A Look at Evidentiary Issues in Common Philadelphia Murder Trials by a Philadelphia Criminal Defense Lawyer
Typical Philadelphia Murder Cases: Shootings & Robberies
Philadelphia murder cases often involve shootings and robberies that result in death, whether intended or not. Here’s an example of a robbery that resulted in an unintended death (felony murder): a Philadelphia resident is accused of robbing a convenience store in West Philly with 2 accomplices. During the robbery, the store clerk is shot during a struggle with one of the accomplices and later dies due to the injuries. Even though the death was not intentional, all accomplices including the get-away driver would be charged with felony murder.
Here’s a common example of murder in the first degree: a Philadelphia resident is charged with first degree murder in the shooting death of a neighbor at a party. The shooting occurs at night, in a dark room. An eyewitness claims to have witnessed the shooting and also tells detectives that the shooter and the victim had previously fought over a girl. Therefore, the prosecution asserts that the shooting was intentional, due to the prior fight over a girl.
Attacking Credibility of an Eyewitness
For felonies like homicide charges in Philadelphia, defendants will often take their chances at trial. After all, Philadelphia historically, has one of the lowest felony conviction rates around the country.
Oftentimes, in Philadelphia murder cases, the outcome at trial will depend on eyewitness testimony. Whether it’s a single eyewitness or multiple eyewitnesses, credibility can always be attacked. In this Philadelphia criminal legal article, we discuss the various trial tactics for attacking the credibility/believability of an eyewitness in a murder case.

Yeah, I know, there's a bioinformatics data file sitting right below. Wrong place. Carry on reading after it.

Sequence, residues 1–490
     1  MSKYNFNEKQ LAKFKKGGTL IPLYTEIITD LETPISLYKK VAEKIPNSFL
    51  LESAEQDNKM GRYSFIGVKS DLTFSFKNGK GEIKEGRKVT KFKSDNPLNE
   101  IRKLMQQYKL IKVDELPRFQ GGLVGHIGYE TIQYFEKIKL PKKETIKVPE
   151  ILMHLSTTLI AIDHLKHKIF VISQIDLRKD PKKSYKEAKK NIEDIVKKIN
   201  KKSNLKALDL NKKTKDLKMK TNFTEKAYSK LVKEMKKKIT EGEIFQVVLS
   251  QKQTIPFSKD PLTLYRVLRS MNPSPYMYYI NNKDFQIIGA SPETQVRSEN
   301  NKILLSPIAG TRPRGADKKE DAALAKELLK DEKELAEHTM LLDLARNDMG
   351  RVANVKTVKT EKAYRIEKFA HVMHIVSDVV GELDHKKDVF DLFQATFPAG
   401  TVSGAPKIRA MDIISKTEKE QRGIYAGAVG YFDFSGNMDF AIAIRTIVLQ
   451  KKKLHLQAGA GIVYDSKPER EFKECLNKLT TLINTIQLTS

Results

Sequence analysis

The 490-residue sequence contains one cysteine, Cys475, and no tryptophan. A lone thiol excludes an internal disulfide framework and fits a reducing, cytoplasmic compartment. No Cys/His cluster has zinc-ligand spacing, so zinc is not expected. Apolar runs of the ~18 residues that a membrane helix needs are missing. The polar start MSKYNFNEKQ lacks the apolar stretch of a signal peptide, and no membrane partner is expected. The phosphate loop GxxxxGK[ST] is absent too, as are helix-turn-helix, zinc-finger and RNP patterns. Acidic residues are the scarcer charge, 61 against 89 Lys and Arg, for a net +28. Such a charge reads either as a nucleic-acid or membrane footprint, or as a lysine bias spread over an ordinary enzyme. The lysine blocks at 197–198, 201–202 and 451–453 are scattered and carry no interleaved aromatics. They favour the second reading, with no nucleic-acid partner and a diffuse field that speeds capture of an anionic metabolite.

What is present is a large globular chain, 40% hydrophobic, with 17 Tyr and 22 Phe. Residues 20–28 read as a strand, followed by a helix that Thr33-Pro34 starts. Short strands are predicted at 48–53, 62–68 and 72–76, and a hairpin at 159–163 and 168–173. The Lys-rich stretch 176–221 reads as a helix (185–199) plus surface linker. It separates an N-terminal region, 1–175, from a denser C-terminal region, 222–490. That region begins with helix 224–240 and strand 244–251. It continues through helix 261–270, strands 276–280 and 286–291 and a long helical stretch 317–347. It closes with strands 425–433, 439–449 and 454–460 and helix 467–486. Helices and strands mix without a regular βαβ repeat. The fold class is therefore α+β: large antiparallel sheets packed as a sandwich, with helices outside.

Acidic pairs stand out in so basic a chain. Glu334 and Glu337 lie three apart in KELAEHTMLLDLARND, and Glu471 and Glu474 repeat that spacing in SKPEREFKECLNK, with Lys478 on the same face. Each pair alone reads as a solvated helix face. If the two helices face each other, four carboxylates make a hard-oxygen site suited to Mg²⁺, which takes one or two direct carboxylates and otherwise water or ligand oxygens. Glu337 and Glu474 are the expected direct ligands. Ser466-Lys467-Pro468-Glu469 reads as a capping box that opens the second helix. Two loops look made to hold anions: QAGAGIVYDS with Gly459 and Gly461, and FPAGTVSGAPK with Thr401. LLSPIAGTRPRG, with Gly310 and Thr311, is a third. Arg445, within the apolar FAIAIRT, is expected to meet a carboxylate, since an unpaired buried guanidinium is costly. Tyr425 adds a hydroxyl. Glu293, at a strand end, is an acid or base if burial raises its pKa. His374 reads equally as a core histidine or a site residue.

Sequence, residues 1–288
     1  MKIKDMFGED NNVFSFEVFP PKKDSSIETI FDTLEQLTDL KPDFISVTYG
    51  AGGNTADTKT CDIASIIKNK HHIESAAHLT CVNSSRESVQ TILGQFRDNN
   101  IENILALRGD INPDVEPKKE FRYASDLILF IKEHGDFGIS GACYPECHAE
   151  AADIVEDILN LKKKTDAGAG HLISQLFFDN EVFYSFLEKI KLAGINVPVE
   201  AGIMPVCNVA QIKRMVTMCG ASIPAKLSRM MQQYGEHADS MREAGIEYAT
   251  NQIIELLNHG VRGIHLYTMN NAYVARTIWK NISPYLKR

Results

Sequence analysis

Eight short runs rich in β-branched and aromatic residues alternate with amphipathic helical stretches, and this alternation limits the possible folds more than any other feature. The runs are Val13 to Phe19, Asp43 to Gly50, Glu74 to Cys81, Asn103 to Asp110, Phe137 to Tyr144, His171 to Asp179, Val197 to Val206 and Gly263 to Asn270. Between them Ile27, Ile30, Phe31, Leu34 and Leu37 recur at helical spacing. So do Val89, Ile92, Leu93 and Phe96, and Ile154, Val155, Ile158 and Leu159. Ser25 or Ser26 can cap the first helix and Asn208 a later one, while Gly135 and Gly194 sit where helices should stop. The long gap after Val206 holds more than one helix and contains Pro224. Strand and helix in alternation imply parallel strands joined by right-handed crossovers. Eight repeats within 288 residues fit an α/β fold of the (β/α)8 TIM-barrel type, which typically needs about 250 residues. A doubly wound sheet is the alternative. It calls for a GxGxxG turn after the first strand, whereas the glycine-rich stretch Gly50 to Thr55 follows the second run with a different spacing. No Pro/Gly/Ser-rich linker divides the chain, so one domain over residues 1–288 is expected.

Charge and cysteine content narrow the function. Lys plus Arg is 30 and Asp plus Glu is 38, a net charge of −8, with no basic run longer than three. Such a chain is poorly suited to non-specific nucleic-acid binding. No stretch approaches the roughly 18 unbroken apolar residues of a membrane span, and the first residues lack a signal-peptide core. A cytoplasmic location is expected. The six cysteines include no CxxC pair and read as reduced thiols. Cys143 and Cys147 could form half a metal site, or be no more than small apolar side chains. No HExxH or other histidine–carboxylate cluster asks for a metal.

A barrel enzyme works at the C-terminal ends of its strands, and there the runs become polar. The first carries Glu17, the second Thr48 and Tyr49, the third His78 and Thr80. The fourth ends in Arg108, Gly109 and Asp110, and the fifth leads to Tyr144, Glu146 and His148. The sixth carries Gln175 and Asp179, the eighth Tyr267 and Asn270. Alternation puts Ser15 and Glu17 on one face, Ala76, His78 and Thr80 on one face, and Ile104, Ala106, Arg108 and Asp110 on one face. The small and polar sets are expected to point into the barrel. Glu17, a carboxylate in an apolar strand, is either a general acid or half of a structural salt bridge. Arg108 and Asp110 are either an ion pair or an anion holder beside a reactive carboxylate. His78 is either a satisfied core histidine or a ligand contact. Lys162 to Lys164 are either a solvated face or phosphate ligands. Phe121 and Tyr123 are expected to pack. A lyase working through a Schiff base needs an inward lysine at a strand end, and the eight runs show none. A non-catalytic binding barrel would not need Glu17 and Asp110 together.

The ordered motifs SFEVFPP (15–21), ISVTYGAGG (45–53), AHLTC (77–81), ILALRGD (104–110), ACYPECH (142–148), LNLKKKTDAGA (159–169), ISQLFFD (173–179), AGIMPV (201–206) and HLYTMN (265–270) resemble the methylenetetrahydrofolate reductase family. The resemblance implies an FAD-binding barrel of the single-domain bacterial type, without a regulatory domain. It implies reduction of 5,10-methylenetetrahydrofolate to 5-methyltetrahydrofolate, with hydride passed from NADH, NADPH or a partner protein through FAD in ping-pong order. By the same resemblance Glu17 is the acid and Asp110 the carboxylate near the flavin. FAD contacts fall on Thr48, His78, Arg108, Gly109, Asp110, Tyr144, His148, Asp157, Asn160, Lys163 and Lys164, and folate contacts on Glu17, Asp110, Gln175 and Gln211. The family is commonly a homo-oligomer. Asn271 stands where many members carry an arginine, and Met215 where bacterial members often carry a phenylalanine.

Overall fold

Does an Eyewitness Have a Motive to Lie?
In many Philadelphia murder cases, a key eyewitness will have a motive to lie. Oftentimes, especially for shootings that occur in West Philly or North Philly, the victim, defendant and eyewitness know each other or have had prior relationships or dealings. It’s not uncommon for an eyewitness to have a motive to lie about the identity of the shooter. Money, drugs and prior beefs between people are all common motives to lie.
Using the shooting example above, the credibility of the eyewitness can be attacked by evidence that the eyewitness hated the alleged shooter. The defense can call witnesses to testify that the eyewitness had previously made threatening, disparaging comments about the shooter.
For more legal info, visit the Philadelphia Murder Case Law Library.
Is an Eyewitness Known to be a Liar or Dishonest?
In some murder or homicide cases, a key witness or eyewitness will be known to be dishonest. In other words, the witness will have a reputation for lying and being dishonest. In these cases, the Pennsylvania Rules of Evidence allow a defendant to call another witness to testify about the key witness’s reputation for untruthfulness.
Using the shooting example above, let’s say that the particular eyewitness is known in the neighborhood as being a liar and stealing from others. The defense could call multiple witnesses to testify that the eyewitness has a reputation for being untruthful and lying. See Pennsylvania Rule of Evidence 608 below.
In addition, the credibility of any witness can be attacked by evidence that the witness was previously convicted of a crime of dishonesty, such as fraud or perjury. There are some limitations on this rule. See Pennsylvania Rule of Evidence 609 below.